Ask Adam: He Cheated — Now What?
I caught my partner of five years having an affair after peeking at his text messages. I am devastated.
He is apologetic but I don’t know if I can ever trust or forgive him. Am I crazy for still wanting him? Is there any hope for our relationship?
Where do we go from here?
Broken in Barcelona
Dear Broken in Barcelona,
The research shows that the majority of couples can repair after an affair.
The process of recovering from this crisis is similar to the process of recovering from any difficult emotional experience. You have to talk about it. A lot. On an honest, deep, and respectful level. This is how humans heal: we communicate.
Your partner must take responsibility for his actions. Part of that process includes discovering the underlying reasons why he had the affair.
He also needs to sincerely apologize and to do so repeatedly. He must keep listening, without getting defensive, about your feelings of betrayal.
For true healing, ultimately he will need to step into your shoes for a few moments and get a visceral sense of what betrayal feels like. This is called empathy.
Repair doesn’t happen with just one conversation. It has to occur over and over again.
It’s A Lot of Work
After a period of time your partner will want the conversation to end. He’ll get tired of hearing how he hurt you. He’ll get impatient with the process and want to move on. He may feel like he is being punished. However, if he wants to repair the relationship, he will need to tolerate the slow process of healing.
Your partner will need to practice the art of patience and understanding.
Your challenge, as the partner who has been betrayed, is to practice expressing your feelings again and again. You’ve got to identify your range of feelings and then communicate them clearly and respectfully. Attacking your partner and seeking revenge won’t move the process forward. You need to become more fully aware of the details of your feelings and expect that they will be heard.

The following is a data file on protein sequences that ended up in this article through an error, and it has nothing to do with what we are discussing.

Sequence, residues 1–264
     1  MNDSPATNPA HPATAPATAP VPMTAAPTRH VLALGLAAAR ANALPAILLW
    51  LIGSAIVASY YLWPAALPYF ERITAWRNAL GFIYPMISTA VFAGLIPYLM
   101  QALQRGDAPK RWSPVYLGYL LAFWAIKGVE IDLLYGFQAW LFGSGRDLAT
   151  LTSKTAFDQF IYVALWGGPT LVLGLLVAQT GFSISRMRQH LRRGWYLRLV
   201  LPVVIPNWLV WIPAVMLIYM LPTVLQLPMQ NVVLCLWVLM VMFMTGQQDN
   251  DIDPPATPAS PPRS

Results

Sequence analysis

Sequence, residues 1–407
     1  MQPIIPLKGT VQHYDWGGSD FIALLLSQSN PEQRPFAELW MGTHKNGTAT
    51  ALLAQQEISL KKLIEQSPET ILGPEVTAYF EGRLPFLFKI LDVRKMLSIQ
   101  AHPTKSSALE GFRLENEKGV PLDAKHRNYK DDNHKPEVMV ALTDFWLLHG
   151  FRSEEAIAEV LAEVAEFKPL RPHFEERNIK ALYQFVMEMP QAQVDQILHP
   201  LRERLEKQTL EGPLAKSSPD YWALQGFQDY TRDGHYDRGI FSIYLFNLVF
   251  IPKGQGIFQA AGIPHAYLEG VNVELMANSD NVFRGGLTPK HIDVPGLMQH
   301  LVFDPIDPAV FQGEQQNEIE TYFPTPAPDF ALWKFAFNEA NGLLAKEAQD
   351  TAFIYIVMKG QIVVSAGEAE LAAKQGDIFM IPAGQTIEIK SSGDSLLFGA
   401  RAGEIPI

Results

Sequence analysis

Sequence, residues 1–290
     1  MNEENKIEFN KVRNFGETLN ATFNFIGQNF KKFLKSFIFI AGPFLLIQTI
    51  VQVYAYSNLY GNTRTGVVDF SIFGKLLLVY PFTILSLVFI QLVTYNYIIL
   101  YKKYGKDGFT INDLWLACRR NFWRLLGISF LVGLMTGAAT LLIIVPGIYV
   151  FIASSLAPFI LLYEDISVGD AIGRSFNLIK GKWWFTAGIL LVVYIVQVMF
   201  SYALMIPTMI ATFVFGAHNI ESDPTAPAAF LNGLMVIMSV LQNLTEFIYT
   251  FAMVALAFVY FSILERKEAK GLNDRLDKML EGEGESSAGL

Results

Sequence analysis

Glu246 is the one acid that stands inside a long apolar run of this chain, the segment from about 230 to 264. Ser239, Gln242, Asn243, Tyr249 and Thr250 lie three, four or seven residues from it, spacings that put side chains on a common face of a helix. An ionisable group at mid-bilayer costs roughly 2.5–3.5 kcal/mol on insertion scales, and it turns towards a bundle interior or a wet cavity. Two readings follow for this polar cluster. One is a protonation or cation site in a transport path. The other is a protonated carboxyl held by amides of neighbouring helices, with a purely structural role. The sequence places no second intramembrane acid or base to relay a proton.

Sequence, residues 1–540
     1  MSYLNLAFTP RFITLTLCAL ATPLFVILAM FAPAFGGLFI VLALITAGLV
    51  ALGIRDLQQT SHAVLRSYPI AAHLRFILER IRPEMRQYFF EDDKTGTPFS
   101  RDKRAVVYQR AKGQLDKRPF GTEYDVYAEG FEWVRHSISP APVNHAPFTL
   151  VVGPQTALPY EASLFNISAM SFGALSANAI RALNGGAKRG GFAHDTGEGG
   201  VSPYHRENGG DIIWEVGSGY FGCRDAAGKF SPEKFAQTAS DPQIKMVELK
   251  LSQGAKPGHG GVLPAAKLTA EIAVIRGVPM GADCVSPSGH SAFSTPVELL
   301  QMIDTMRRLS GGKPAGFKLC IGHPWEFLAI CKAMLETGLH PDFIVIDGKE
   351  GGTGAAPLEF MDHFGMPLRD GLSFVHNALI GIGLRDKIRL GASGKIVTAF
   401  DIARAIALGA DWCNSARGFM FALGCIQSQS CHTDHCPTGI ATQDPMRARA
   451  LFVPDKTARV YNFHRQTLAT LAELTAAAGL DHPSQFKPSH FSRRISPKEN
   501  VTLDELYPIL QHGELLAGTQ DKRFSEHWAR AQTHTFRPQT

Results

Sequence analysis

Here’s the bottom line: we all want to be heard. It may be the most important experience we are seeking in a relationship. So relationship recovery is a listening process.
None of this is easy territory. It is best done within what therapists call a “strong container.” This could be a couples counselor’s office or it could be on your living room couch with the phone turned off, plenty of eye contact, and a shared commitment to the rules of good communication, such as no interrupting.
Often the crisis of an affair becomes an opportunity to look at and improve some of the ongoing issues within the relationship. It’s commonly the wake-up call that gets both partners motivated to do the scary work of improving their communication.
Affairs, just like untreated addictions or poor self-care habits, are methods of attempted escape from the worthwhile and challenging work of looking at what is really true about ourselves, our childhood experiences, and our relationships. They represent “acting out” of feelings rather than directly facing them with courage.
When we escape with any of these behaviors, we can expect to hurt ourselves and the people we love. Exploring our underlying, more vulnerable feelings is the essential recipe for healing our relationships. This is the road you will need to travel together.
Adam D. Blum, MFT is a licensed psychotherapist specializing in relationship and self-esteem issues for gay men. Adam offers services in his San Francisco office or by Skype and phone worldwide. Visit his website to subscribe to his e-newsletter and his free guide on building gay relationships. Follow him on Facebook and read his blog. Send your questions for possible publication to [email protected]. (Questions may be edited.)